No clear consensus has emerged. Should regulators hold to a hard line?
Regulators have wrestled for decades with transactions between vertically integrated monopoly utilities and their...
this leg, says Neilson, unless the utility really wants to enter the video or telephone business. But for transporting data back to the office, utilities can profitably employ a wide variety of media (em
including fiber or coaxial (em depending on cost.
"Identify your need; then make the technology pay for itself," advises Neilson. He's not against fiber to the home, but questions whether utilities need it for meter reading. "With the available compression techniques, wireless meter reading is well-suited for load control or real-time pricing," says Neilson. "Especially for gas meters, where the power supply must come from low-power batteries."
Edwards, at CellNet, acknowledges that broadband offers muscle for data transport, but notes that most of the costs actually lie in data format conversion, which is made easier and cheaper via wireless networks. "If utilities want to go into broadband," says Edwards, "then fiber and coaxial is the way to go." But are electrics really ready to compete in that market?
"They're chasing phantom markets," says Edwards. "I can't see electric customers paying for these superhighway services."
These alliances focus on retail energy service, which remains largely a regulated monopoly. That fact carries important implications for electric investment in superhighway projects.
Wholesale power is becoming (has become) a commodity business. People like Robert Mango (manager of derivative products at Niagara Mohawk) or John Woodley (senior trader at Morgan Stanley) will talk your ear off on how financial commodity markets will shrink wholesale electric margins down to nothing.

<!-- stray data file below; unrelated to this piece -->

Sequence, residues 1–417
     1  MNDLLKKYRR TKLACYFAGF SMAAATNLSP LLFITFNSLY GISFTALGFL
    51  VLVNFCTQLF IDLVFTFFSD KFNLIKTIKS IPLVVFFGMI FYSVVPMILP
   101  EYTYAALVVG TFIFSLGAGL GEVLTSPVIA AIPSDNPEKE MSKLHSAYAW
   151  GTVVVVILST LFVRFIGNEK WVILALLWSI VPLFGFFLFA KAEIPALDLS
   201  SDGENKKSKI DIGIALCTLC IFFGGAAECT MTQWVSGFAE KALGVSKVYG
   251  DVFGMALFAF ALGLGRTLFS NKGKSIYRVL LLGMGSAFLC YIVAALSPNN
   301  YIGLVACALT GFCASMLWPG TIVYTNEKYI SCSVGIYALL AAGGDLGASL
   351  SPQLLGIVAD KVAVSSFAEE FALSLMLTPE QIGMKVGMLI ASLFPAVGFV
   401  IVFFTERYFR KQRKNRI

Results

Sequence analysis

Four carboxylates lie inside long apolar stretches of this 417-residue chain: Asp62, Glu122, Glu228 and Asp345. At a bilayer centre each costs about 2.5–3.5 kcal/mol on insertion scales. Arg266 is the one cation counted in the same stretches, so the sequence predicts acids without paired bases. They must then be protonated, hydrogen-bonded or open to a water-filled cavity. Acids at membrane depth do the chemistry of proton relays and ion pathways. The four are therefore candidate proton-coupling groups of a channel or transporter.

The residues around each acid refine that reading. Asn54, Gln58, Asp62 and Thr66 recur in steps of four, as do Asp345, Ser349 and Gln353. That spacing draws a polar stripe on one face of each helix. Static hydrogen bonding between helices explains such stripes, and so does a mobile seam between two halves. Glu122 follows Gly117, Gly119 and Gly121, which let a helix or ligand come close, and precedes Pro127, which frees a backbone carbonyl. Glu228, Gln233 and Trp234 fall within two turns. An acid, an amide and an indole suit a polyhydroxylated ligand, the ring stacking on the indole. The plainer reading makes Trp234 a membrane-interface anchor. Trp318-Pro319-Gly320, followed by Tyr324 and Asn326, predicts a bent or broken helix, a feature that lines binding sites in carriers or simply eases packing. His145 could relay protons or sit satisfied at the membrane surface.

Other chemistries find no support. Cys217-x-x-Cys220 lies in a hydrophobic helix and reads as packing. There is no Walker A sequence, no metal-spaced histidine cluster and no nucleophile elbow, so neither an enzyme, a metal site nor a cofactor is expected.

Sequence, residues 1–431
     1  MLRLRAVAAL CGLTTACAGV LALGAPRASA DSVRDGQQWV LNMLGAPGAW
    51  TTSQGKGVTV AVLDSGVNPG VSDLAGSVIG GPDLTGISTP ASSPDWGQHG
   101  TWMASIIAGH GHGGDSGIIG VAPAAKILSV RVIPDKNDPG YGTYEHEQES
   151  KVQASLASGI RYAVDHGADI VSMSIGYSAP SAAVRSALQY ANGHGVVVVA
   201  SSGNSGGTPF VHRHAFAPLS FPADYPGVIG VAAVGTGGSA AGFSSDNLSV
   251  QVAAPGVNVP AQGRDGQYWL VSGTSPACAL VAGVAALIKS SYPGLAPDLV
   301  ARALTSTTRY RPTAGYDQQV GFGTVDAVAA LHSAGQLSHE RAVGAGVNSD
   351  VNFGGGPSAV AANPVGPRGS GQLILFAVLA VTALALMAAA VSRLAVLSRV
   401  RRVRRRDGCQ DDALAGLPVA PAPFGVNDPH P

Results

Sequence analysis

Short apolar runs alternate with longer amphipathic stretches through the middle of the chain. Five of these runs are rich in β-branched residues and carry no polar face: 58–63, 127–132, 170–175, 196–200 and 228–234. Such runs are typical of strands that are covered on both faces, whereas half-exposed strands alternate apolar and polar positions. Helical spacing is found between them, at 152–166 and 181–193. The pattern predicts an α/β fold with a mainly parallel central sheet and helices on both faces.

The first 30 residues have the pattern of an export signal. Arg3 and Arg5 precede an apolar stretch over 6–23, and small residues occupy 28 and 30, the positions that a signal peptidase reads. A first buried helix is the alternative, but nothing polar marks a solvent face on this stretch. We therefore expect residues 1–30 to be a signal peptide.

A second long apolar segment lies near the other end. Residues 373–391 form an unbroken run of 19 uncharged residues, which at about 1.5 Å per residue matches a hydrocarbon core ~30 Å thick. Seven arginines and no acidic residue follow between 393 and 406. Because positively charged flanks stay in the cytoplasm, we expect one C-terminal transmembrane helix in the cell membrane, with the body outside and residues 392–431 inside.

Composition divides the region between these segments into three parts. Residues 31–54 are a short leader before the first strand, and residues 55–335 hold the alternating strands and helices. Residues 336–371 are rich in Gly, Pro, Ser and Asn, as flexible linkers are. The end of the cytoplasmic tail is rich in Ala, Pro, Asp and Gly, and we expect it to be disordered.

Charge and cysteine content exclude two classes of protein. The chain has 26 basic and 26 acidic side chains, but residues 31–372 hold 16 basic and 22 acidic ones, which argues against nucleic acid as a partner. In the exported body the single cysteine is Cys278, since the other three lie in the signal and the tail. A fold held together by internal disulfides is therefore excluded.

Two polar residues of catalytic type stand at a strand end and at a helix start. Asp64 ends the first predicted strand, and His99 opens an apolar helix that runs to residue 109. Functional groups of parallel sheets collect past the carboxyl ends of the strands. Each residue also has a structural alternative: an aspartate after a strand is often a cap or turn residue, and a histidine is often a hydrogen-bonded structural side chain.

Now the wholesale market is exactly where the new power marketers and brokers have been earning their living (em using databases, software, and risk-hedging to siphon off profits. But as margins evaporate, these marketers will probably turn more to the retail side. Is that why some of these electric utilities are seeking out alliances with telcos and cable companies (em to put their own software in place before they get squeezed out again by the marketers and brokers?
One of the interesting things about the PSE&G project with AT&T is how the utility has managed to share the risk with other partners. In this case, AT&T is heading up the project, but is drawing on many other prominent customers with niche expertise, such as Honeywell (for thermostats), General Electric (for two-way electronic meters), Intellon (for chips and the in-home local area network), and Andersen Consulting (for a user-friendly, computer-customer interface). PSE&G will not build its own fiber network. Instead, it will lease either fiber or coaxial cable, linked to its own gateway in the telephone central office. PSE&G won't enter the telecommunications business as a competitor.
I asked Ralph Izzo, a vice president at PSE&G, "You're assuming, aren't you, that you can fight off competition from marketers by playing their own game in retail distribution." Izzo paused and listened carefully. I continued.
"But if electric distribution remains a regulated monopoly, isn't it possible that state regulators will force utilities to disclose or share customer profile data collected on the information superhighway, for the reason that distribution information is clothed with a public